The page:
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INTRODUCTION

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Upper gastrointestinal cancers include malignancies arising in the esophagus, stomach, and small intestine.

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ESOPHAGEAL CANCER

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INCIDENCE AND ETIOLOGY

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Image not available. Cancer of the esophagus is an increasingly common and extremely lethal malignancy. The diagnosis was made in 18,170 Americans in 2014 and led to 15,450 deaths. Almost all esophageal cancers are either squamous cell carcinomas or adenocarcinomas; the two histologic subtypes have a similar clinical presentation but different causative factors.

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Worldwide, squamous cell carcinoma is the more common cell type, having an incidence that rises strikingly in association with geographic location. It occurs frequently within a region extending from the southern shore of the Caspian Sea on the west to northern China on the east, encompassing parts of Iran, central Asia, Afghanistan, Siberia, and Mongolia. Familial increased risk has been observed in regions with high incidence, although gene associations are not yet defined. High-incidence “pockets” of the disease are also present in such disparate locations as Finland, Iceland, Curaçao, southeastern Africa, and northwestern France. In North America and western Europe, the disease is more common in blacks than whites and in males than females; it appears most often after age 50 and seems to be associated with a lower socioeconomic status. Such cancers generally arise in the cervical and thoracic portions of the esophagus.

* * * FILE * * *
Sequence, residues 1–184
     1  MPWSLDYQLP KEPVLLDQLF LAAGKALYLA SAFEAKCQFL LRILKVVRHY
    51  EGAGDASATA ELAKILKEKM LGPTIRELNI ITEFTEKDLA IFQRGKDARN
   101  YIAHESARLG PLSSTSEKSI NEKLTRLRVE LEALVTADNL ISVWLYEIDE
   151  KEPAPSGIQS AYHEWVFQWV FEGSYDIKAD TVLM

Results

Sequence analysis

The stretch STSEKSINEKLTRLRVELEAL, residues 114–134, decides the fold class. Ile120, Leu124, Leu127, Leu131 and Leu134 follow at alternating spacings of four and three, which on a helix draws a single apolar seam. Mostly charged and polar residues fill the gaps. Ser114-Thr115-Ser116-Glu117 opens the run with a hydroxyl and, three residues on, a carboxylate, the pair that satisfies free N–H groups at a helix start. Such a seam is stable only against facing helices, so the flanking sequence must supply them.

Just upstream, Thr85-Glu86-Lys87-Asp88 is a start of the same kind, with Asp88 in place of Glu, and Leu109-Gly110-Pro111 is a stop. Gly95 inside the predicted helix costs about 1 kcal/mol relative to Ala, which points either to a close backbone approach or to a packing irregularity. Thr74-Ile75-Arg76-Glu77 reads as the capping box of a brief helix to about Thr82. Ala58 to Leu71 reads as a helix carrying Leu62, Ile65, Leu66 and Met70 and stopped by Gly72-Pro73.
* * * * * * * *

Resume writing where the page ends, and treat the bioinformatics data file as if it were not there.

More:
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A variety of causative factors have been implicated in the development of squamous cell cancers of the esophagus (Table 39-1). In the United States, the etiology of such cancers is primarily related to excess alcohol consumption and/or cigarette smoking. The relative risk increases with the amount of tobacco smoked or alcohol consumed, with these factors acting synergistically. The consumption of whiskey is linked to a higher incidence than the consumption of wine or beer. Squamous cell esophageal carcinoma has also been associated with the ingestion of nitrates, smoked opiates, and fungal toxins in pickled vegetables, as well as mucosal damage caused by such physical insults as long-term exposure to extremely hot tea, the ingestion of lye, radiation-induced strictures, and chronic achalasia. The presence of an esophageal web in association with glossitis and iron deficiency (i.e., Plummer-Vinson or Paterson-Kelly syndrome) and congenital hyperkeratosis and pitting of the palms and soles (i.e., tylosis palmaris et plantaris) have each been linked with squamous cell esophageal cancer, as have dietary deficiencies of molybdenum, zinc, selenium, and vitamin A. Patients with head and neck cancer are at increased risk of squamous cell cancer of the esophagus.

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Table Graphic Jump Location
TABLE 39-1Some Etiologic Factors Associated with Squamous Cell Cancer of the Esophagus

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